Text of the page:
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Democrat Photo by Ted Waddell

KENNY RHODES, A 15-year-old Sullivan West sophomore closely examines a tye.

Fly-Casting School
Comes to SW High

By Ted Waddell
LAKE HUNTINGTON — June 7, 2005 – Summer is a great time to go fishing.
So at the end of the 2004-2005 school year, a couple of Sullivan West Central School physical education teachers teamed up to teach about 100 students in grades 9-12 all about fly casting, fly tying and a bit about the spirit of ‘catch and release’ fishing.
Last year, SW instructor Dr. Lynda Bracken attended an annual national phys. ed. teacher conference and came back fired up with ideas to add new things to the high school’s phys. ed. program.
“I like to do different things with my students, because not everybody is interested in team sports,” she said.
While at the conference, Bracken attended several teacher workshops, including: “Spincasting & Conservation” with Doug Darr, aquatic education coordinator, Alabama Division of Wildlife & Freshwater Fisheries and Mark Stephens, Project FISH of Michigan State University; “Fly Fishing” by Matt Wilhelm, education coordinator of the Federation of Fly Fishers from Boseman, Montana; and “Fly Tying” by Charlie Mann of Winthrop, Maine.
Armed with a $4,500 grant from the Future Fisherman Foundation (FFF), the SW district purchased rods, reels and fly tying equipment. Students started the first week of their fly fishing program by learning how to tie knots needed to lure fish onto a hook or strike a fly, load fly reels and a bit about casting. During the second week, they learned how to tie their own flies.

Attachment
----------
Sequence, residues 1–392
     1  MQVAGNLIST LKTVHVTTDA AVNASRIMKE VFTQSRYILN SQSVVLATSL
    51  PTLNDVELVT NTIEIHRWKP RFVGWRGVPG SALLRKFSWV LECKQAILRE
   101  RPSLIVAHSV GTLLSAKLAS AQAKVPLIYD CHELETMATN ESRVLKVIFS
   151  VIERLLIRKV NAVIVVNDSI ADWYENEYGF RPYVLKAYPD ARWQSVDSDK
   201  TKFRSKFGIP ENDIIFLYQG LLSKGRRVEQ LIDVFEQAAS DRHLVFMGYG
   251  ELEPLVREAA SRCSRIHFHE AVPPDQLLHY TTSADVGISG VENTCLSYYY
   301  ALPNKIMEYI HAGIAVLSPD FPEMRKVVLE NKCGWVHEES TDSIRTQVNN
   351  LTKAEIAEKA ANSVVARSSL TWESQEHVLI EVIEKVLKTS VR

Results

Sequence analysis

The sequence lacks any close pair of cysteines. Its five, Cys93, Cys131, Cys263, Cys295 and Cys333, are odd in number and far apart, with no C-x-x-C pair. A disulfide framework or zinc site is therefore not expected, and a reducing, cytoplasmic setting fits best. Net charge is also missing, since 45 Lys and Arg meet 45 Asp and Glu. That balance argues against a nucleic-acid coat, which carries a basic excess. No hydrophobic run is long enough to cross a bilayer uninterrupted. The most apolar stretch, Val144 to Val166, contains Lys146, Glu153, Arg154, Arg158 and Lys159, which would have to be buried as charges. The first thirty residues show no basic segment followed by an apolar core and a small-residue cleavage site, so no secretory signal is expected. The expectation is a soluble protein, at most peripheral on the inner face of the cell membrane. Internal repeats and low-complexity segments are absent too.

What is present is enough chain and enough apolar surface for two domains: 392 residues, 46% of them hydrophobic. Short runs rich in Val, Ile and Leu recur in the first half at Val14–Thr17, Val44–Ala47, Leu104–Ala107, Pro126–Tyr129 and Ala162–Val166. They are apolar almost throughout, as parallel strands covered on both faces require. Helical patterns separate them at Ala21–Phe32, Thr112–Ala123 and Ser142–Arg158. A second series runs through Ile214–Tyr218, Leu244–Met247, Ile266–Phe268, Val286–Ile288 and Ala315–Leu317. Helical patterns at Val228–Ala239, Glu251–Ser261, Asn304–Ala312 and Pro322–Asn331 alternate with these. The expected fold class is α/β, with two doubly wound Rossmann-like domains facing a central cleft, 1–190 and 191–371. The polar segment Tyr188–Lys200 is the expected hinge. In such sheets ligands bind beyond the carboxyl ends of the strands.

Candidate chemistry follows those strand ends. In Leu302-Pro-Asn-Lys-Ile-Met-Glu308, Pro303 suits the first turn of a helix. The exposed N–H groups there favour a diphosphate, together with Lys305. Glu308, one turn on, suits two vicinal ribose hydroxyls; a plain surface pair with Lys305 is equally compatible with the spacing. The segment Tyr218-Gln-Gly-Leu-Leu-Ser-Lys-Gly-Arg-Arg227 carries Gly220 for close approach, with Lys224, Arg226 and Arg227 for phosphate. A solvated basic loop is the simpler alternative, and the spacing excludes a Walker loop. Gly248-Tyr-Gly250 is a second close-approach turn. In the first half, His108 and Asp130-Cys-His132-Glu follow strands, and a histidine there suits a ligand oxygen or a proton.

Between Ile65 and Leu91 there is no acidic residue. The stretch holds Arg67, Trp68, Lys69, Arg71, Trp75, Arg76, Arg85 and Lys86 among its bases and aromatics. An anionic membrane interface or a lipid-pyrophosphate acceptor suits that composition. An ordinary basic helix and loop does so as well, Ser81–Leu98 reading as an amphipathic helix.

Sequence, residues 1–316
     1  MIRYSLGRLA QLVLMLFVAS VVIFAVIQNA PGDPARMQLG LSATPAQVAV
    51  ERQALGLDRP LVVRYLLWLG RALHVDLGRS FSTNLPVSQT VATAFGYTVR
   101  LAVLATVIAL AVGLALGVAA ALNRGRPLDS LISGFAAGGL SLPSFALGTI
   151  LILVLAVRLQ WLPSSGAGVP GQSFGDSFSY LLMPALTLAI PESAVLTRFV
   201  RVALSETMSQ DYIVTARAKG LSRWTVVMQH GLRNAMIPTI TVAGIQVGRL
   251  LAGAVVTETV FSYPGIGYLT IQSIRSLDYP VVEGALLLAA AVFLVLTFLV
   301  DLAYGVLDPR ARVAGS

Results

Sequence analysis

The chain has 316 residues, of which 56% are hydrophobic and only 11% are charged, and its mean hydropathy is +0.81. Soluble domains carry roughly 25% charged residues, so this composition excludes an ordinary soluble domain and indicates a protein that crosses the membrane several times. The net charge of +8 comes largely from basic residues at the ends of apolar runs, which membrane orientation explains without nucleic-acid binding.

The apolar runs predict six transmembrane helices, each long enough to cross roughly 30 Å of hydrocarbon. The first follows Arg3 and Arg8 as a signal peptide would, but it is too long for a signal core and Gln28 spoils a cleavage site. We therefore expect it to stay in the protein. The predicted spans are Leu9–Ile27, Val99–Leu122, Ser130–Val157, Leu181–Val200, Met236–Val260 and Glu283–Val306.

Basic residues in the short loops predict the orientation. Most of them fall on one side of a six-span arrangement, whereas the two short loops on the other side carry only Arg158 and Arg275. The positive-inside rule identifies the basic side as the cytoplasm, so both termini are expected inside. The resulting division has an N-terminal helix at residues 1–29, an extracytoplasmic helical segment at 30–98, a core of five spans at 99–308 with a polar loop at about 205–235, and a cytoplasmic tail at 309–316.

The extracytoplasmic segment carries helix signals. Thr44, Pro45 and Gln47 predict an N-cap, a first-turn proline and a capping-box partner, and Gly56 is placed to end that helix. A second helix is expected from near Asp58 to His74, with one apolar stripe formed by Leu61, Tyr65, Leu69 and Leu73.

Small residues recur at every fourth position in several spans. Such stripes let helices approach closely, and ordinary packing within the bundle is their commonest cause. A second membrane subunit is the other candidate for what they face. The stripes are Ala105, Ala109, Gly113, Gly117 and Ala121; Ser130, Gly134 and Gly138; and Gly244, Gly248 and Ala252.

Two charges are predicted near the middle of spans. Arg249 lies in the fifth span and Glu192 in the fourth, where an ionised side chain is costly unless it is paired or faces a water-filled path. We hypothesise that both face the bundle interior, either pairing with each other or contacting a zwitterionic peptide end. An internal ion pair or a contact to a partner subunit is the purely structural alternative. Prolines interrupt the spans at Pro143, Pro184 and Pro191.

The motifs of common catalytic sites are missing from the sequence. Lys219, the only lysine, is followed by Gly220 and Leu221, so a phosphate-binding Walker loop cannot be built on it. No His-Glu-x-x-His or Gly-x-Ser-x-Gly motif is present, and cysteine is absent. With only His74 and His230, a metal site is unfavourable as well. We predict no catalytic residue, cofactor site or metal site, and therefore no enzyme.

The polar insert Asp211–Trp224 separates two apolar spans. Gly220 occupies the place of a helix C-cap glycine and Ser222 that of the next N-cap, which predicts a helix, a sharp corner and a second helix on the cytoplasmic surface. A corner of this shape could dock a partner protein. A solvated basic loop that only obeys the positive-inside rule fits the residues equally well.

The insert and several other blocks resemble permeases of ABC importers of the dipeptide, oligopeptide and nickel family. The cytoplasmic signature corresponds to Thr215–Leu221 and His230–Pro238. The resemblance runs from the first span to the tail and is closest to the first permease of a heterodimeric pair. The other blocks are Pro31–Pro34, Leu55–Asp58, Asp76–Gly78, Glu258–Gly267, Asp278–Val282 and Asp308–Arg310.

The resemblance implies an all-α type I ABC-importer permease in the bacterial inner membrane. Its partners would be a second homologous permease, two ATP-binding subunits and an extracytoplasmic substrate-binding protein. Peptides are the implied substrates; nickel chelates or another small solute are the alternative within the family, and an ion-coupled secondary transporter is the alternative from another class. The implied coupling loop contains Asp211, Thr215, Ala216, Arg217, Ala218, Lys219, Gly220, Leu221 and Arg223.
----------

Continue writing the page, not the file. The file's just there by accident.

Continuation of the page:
“This is a very big area for flyfishing,” Bracken said of the Catskill waters, known as the birthplace of American flyfishing.
“While learning about the art of fly fishing, the students also learned about fish habitat and behavior, thus learning about issues that affect fish and the environment,” she added. “It will help make them aware of the impact mankind has on the environment and learn to become custodians of the world around them.”
Although Bracken doesn’t count herself among the ranks of serious anglers, she said fellow SW phys. ed. instructor Joe Ebeling is “an avid fisherman… he’s fishing all the time.”
“But now I’m to get a pole and go fishing,” Bracken said.

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